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said: before or after the name?

Discussion in 'Writers' Workshop' started by spikechiquet, Aug 22, 2013.

  1. spikechiquet

    spikechiquet Well-Known Member

    I'm sure this has been hashed over on here before, but I couldn't find it with a search...but please share a link if it's on here.

    I'm editing another paper's story (we share stuff all the time) and the writer continuously uses the word "said" in the wrong place during a quote, IMHO.

    He puts said before the name: "said Smith." "said Jones.", etc.

    Unless you use it to introduce extra information ("said Smith, who is captain of the football team.") then it should go after, correct?!
    I always play the pronoun game in that situation. You can't put "he" in place of the name and have it sound right.

    Is this just an older writer being old and it's an old style, lazy copy editing, or does it even matter?
  2. Here me roar

    Here me roar Guest

    I wouldn't categorize that as older writer, just bad. Jones said. Smith said. You always want to ID the person speaking as fast as you can, unless you are introducing information to describe that person in the attribution.
  3. Versatile

    Versatile Active Member

    Here me roar is right. And putting "said" after the name makes for an easier read. We're used to seeing verbs after nouns.
  4. Steak Snabler

    Steak Snabler Well-Known Member

    After, always. Only exception is if you are putting an independent clause afterward (e.g., said Smith, who improved to 14-3 this season.)

    "Said (blank)" is how a lot of PR types are taught. I see it all the time in SID copy.
  5. spikechiquet

    spikechiquet Well-Known Member

    The sad part? The story was from a major league baseball beat writer. And it was already edited and is on the paper's site. That's why I wondered why it would be "wrong" yet make it to the website.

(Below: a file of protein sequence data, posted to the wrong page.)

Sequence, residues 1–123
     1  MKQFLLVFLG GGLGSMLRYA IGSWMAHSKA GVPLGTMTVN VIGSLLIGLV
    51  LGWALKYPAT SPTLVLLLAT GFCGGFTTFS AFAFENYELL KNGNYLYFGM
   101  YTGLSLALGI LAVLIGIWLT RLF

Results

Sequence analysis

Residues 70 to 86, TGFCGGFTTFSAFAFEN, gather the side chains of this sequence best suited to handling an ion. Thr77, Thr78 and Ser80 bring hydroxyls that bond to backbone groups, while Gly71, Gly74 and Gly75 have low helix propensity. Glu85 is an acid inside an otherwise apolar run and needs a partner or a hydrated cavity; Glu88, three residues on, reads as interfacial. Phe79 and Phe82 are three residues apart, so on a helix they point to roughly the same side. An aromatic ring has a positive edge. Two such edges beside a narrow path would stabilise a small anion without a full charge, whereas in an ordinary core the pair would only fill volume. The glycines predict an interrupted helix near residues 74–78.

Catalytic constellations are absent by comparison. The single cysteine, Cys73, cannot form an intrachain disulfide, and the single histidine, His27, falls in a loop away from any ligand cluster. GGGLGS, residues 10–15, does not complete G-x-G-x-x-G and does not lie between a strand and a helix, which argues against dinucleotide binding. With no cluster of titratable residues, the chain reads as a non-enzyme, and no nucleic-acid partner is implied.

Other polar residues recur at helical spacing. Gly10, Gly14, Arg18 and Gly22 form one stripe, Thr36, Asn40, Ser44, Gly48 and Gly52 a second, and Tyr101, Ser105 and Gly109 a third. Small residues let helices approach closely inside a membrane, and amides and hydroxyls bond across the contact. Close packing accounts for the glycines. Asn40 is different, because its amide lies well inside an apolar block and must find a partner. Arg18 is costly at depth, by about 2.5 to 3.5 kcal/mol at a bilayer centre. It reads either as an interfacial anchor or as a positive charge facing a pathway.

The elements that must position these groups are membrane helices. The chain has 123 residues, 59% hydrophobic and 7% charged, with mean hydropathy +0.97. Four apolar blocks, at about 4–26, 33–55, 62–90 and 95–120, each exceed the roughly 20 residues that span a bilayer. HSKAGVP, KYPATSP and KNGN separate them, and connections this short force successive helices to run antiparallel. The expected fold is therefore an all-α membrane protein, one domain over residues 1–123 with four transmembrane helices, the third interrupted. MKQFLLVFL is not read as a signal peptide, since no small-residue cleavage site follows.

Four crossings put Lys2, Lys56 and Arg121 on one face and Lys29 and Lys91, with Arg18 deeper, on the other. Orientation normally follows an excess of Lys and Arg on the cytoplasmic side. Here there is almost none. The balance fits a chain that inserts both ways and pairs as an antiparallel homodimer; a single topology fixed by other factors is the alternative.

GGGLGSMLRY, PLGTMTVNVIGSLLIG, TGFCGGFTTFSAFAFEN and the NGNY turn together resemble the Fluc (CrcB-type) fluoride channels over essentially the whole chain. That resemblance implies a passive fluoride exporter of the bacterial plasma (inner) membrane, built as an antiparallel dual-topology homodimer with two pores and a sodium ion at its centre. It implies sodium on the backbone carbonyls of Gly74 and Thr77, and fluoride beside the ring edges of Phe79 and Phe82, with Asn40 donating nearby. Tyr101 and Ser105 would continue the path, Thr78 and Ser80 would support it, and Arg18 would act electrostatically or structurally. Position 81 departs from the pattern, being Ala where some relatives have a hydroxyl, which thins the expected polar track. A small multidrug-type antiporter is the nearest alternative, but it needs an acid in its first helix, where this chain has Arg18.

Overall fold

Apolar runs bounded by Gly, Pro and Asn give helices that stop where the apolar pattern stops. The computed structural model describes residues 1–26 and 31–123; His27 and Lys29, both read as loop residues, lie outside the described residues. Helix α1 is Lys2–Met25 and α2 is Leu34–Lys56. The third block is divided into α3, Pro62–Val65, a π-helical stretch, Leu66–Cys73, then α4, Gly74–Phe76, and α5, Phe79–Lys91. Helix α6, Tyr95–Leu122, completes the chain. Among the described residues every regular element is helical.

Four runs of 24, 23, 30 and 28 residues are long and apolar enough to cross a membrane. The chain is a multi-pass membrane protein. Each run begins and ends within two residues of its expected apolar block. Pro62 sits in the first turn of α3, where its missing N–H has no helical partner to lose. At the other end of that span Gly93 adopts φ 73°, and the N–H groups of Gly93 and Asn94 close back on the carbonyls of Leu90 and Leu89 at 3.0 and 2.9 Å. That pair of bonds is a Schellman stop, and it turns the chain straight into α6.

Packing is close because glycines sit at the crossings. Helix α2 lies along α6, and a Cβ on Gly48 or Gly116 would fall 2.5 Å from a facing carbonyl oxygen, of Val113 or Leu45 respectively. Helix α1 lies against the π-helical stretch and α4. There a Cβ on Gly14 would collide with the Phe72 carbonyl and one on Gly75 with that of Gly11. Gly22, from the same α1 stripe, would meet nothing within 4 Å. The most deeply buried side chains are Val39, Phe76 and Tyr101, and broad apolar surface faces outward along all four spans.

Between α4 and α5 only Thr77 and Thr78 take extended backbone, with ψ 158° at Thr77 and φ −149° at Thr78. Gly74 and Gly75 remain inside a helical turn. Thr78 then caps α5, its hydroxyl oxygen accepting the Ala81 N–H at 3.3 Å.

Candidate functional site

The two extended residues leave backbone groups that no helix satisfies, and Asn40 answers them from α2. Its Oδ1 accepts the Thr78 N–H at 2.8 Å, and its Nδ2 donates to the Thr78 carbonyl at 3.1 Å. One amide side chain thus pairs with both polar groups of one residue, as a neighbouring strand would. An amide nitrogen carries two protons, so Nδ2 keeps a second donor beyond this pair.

6. Versatile

    Versatile Active Member

    Copy on many websites gets posted before the trained copy editors read it. (For a frame of reference, I'm familiar with the process at seven newspapers of varied size, though none are small, and it's roughly the same at all of them.) Then those copy editors at many newspapers handle the story for print and are asked to make the same changes to the Web version. But because the Web version often is longer, a pasteover is impossible. So the copy editors generally leave minor mistakes, like this, because redoing a full story edit simply would take too long given the workload in the post-layoff world. I don't blame them.
  7. MisterCreosote

    MisterCreosote Well-Known Member

    If that's really what happens (I left newspapers almost five years ago), that's one of the dumbest things I've ever read.
  8. arceditor

    arceditor New Member

    Other exception I've always been told is if you're giving their title or position (i.e., said Dodgers manager Don Mattingly; said East linebacker Jack Smith).
  9. joe_schmoe

    joe_schmoe Active Member

    First, I was taught the pronoun rule as well, but also have seen many sportswriters who have been around quite some time go with the said first. That's when I have to remember, like most other things, grammar, and by extension journalism style, is ever evolving.

    As for the above example. If you prefer it the way you have it that fine. That's the way I would do it. But "Dodgers manager Don Mattingly said" works just as well, and I've seen this structure many times and it doesn't bother me.
    In both instances though, you can often find a way to introduce the subject before you quote him, thus eliminating the need for the rule altogether.
  10. mediaguy

    mediaguy Well-Known Member

    One of those rare threads where every post is on mark and helpful. I only put the title before the name in a mid-quote ID when it's two words or less. "Here's an example," SJ poster Mediaguy said. "Here's another," said Mediaguy, SJ's associate vice president for marginal assistance.
  11. JRoyal

    JRoyal Well-Known Member

    After, with the aforementioned exceptions. I hate it before.
  12. Football_Bat

    Football_Bat Well-Known Member

    After, except when followed by a dependent clause, as in "said Jones, who espouses conspiracy theories on his radio show."
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